The opinion of the court was delivered by: Michael A. Telesca United States District Judge
In a motion dated July 25, 2005, the defendants and third-party plaintiffs, Texaco, Inc., and Texaco Refining and Marketing, Inc. ("Texaco") moved for an order pursuant to Rule 54(b) of the Federal Rules of Civil Procedure for certification that there is no just reason for delay for an entry of final judgment upon the claims asserted in Texaco's third-party complaint against third-party defendants, Richard Cohen and Shell Oil Company.
In a decision dated March 31, 2005, I made certain specific determinations which are relevant to this motion. First, I denied Texaco's motion for summary judgment which requested a finding as a matter of law that the plaintiffs, FCA Associates and FCA Associates, LLC, are "at fault" as dischargers, and thus precluded from bringing their claims against Texaco pursuant to New York Navigation Law § 181(1). For the reasons stated in this Court's decision, Texaco's motion was denied since plaintiffs were not found to be "at fault" dischargers within the definition provided in the applicable Navigation Law and case law. See N.Y. Nav. Law § 181 (1) (McKinney 2004); White v. Long, 85 N.Y.2d 564 (N.Y. 1995). I also granted FCA and Shell's motion to dismiss the Texaco defendants' third party claims against third party defendants Shell and Cohen. Texaco's current motion for an entry of final judgment pursuant to Rule 54(b) only relates to my dismissal of Texaco's third party claims against third-party defendants Shell and Cohen.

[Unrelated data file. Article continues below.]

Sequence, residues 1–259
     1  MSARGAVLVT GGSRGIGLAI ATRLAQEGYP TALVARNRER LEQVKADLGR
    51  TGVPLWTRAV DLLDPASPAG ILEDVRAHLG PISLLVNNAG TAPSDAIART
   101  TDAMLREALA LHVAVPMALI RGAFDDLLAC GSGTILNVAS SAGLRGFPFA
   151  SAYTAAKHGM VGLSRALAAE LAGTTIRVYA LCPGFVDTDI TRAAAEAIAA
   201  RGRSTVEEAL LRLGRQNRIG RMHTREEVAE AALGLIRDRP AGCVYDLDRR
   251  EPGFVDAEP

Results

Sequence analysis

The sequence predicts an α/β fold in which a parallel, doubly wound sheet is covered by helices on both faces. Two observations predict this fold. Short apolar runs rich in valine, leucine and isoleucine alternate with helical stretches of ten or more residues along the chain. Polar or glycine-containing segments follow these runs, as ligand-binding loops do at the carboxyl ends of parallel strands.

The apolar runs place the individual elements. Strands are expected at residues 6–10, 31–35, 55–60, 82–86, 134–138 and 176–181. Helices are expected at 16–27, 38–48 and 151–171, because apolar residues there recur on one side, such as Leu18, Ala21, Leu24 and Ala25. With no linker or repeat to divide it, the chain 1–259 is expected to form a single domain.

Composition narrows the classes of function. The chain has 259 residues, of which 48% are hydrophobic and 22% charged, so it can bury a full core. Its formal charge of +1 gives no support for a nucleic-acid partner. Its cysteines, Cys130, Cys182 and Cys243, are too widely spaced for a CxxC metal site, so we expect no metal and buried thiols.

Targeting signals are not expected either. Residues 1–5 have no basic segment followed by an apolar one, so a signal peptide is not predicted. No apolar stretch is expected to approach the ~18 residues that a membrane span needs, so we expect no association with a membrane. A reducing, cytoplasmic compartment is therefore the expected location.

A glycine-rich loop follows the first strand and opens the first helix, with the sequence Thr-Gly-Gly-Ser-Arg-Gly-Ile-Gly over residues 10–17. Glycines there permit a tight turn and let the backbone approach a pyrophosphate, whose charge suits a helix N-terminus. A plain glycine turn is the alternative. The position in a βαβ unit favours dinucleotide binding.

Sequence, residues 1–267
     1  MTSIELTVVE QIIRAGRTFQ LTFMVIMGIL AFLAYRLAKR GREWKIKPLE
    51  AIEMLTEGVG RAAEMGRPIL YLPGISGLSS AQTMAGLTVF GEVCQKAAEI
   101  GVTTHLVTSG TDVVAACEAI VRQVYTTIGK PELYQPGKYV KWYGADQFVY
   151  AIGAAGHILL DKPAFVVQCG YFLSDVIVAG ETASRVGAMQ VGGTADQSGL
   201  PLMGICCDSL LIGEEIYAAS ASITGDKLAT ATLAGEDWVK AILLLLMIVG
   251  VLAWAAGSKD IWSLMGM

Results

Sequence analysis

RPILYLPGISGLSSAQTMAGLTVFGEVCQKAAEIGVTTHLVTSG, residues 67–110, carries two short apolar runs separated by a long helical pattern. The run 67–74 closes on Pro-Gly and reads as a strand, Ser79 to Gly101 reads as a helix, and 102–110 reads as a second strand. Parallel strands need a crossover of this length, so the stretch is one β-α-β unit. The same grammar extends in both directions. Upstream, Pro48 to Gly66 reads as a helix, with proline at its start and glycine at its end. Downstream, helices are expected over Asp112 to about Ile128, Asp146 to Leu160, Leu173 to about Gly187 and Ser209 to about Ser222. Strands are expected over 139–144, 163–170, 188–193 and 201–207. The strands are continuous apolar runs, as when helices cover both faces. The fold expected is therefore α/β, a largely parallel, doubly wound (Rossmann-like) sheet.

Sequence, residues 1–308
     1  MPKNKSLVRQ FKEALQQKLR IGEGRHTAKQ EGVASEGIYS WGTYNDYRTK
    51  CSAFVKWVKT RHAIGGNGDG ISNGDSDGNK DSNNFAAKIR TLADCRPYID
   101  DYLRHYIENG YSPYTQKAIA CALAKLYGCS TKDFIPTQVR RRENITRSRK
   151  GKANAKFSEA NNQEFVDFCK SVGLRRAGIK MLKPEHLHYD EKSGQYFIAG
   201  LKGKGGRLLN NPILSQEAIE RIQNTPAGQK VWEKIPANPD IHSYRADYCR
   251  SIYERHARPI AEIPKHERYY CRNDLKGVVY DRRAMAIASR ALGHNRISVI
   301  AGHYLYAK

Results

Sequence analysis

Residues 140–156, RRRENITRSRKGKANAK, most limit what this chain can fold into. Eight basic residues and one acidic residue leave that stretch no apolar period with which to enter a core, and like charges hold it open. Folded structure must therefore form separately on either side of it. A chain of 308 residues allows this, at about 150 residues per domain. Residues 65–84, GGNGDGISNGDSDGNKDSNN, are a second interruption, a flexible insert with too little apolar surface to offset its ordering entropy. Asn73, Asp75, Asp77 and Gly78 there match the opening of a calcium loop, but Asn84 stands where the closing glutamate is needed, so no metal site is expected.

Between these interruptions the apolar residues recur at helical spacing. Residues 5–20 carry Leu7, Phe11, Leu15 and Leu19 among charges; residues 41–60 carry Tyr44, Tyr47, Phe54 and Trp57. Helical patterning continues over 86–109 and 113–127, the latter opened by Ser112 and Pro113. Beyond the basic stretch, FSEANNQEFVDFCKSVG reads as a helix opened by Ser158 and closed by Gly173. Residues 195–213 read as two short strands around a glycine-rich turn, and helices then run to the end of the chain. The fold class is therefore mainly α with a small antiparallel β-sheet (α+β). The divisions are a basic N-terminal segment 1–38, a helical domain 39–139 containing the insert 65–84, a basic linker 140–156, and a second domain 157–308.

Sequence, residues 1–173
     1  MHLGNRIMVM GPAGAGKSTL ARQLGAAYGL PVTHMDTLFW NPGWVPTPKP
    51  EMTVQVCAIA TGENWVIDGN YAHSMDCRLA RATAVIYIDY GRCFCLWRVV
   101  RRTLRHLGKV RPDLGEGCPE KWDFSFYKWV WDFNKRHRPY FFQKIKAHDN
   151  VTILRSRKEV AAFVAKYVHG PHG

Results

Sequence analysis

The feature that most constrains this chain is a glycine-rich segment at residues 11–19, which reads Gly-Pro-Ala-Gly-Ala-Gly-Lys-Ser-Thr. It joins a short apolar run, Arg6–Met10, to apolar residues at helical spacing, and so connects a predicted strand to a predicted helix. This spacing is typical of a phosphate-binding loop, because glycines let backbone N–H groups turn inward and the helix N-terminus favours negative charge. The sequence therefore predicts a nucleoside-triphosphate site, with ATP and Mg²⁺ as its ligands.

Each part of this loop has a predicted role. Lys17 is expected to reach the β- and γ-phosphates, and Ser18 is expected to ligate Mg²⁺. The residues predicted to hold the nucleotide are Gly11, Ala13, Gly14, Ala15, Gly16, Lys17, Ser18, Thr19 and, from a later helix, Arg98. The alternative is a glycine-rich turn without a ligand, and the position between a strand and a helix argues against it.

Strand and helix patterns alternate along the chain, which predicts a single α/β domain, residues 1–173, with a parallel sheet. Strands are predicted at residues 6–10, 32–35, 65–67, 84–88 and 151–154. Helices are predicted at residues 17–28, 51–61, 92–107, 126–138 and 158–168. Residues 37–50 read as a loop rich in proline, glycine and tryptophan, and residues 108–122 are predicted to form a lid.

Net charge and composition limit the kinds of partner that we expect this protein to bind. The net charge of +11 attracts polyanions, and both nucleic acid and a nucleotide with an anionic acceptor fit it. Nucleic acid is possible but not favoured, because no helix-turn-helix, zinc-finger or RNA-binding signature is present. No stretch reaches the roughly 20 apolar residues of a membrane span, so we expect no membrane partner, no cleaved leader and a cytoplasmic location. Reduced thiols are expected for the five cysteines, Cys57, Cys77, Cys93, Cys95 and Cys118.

An exception to the concept that a final judgment is proper only after all claims have been adjudicated is found in the language of Rule 54(b)which "empowers the district court to enter a final judgment on fewer than all of the claims in the action, but only upon express determination that there is no just reason for the delay." Fed. R. Civ. P. 54(b); Harriscom Svenska AB v. Harris Corp. 947 F.2d 627, 629(2d Cir. 1991). However, certification under 54(b) is given at the court's discretion and should be granted only if there are "interests of sound judicial administration and inefficiency to be served." Harriscom, 947 F.2d at 629. In addition, "mere recitation of the language of the rule that 'there is no just reason for delay' is insufficient to certify a claim under Rule 54(b)." Hudson River Sloop Clearwater, Inc., v. Department of the Navy, 891 F.2d 414, 419 (2d Cir.1989).
Here, Texaco's motion for certification of an interlocutory appeal is not only untimely, but unpersuasive. This is so because Texaco has merely recited the language of the rule in its motion papers and has not provided a sound basis for this court to grant a Rule 54(b)certification. The criteria for granting the certification is clearly articulated in Harriscom, supra, and is not cured by the lack of opposition to its request by the other remaining parties. See Harrison Svenska AB v. Harris Corporation, 947 F.2d 627 (2d Cir. 1991).
Based upon the lack of an adequate justification, Texaco's motion is denied.
ALL OF THE ABOVE IS SO ORDERED.
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